• March 13, 2015


Members of the anti-nuclear group People Against Wylfa B (PAWB) used the fourth anniversary of the Fukushima nuclear disaster today to stage a protest on Anglesey against plans to site a new nuclear power station on the Island.

The demonstrators gathered at the Menai Bridge and staged an hour long protest aimed at passing motorists.

PAWB face real opposition to their stance on Anglesey where the economic advantages of the new power plant are talked up by some politicians and also by the nuclear industry.

However this morning’s protest drew support from passing motorists who sounded their horns in appreciation.

PAWB also got support from an unlikely source recently when Mr Naoto Kan who was Japan’s Prime Minister at the time of the Fukushima disaster visited Anglesey and backed the protesters stance. Mr Kan once a supporter of nuclear power revised his views following the impact on his country of this major nuclear accident.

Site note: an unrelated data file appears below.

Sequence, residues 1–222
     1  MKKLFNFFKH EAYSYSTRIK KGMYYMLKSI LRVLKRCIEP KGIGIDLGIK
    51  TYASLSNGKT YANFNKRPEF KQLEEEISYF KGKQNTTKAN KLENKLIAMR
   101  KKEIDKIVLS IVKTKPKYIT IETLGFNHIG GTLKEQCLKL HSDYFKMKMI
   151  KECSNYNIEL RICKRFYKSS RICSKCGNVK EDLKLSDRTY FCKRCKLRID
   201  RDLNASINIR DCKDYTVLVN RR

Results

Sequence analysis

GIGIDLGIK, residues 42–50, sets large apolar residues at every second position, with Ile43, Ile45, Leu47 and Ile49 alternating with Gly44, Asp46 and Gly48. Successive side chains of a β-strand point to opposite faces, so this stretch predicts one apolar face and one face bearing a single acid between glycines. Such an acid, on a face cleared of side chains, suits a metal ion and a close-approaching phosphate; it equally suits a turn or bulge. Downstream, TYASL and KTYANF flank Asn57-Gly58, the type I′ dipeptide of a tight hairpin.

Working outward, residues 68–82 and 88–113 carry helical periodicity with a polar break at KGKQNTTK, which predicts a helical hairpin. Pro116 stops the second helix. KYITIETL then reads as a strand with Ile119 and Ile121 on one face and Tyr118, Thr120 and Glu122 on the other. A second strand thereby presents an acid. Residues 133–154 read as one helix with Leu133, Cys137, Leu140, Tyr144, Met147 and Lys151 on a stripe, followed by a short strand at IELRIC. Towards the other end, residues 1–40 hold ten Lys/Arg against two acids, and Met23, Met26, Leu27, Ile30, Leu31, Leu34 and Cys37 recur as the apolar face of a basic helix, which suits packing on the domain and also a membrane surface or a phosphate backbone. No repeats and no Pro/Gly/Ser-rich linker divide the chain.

A spokesperson for PAWB said that Fukushima was a warning over the dangers of nuclear power saying:

“About 160,000 people were forced from their homes in the Fukushima area in order to escape from the radiation that would damage their health.”

Over 100,000 people are still living in temporary accommodation and some have no hope of ever returning to the areas immediately around the plant.

It is appalling that little concern about the proposal to construct so called ‘new build’ nuclear plants around the Irish sea has attracted little tangible opposition from either the Irish or Manx governments.

Currently in addition to two new reactors for the Wylfa site (scheduled completion 2025) another four may also be constructed at Sellafield.

It is past time the two governments stopped ‘sitting on their thumbs’ over the issue!

J B Moffatt (Mr)

Director of Information
Celtic League


(Please note that replies to correspondence received by the League and posted on CL News are usually scanned hard copies. Obviously every effort is made to ensure the scanning process is accurate but sometimes errors do occur.)


The Celtic League has branches in the six Celtic Countries. It works to promote cooperation between these countries and campaigns on a broad range of political, cultural and environmental matters. It highlights human rights abuse, monitors all military activity and focuses on socio-economic issues

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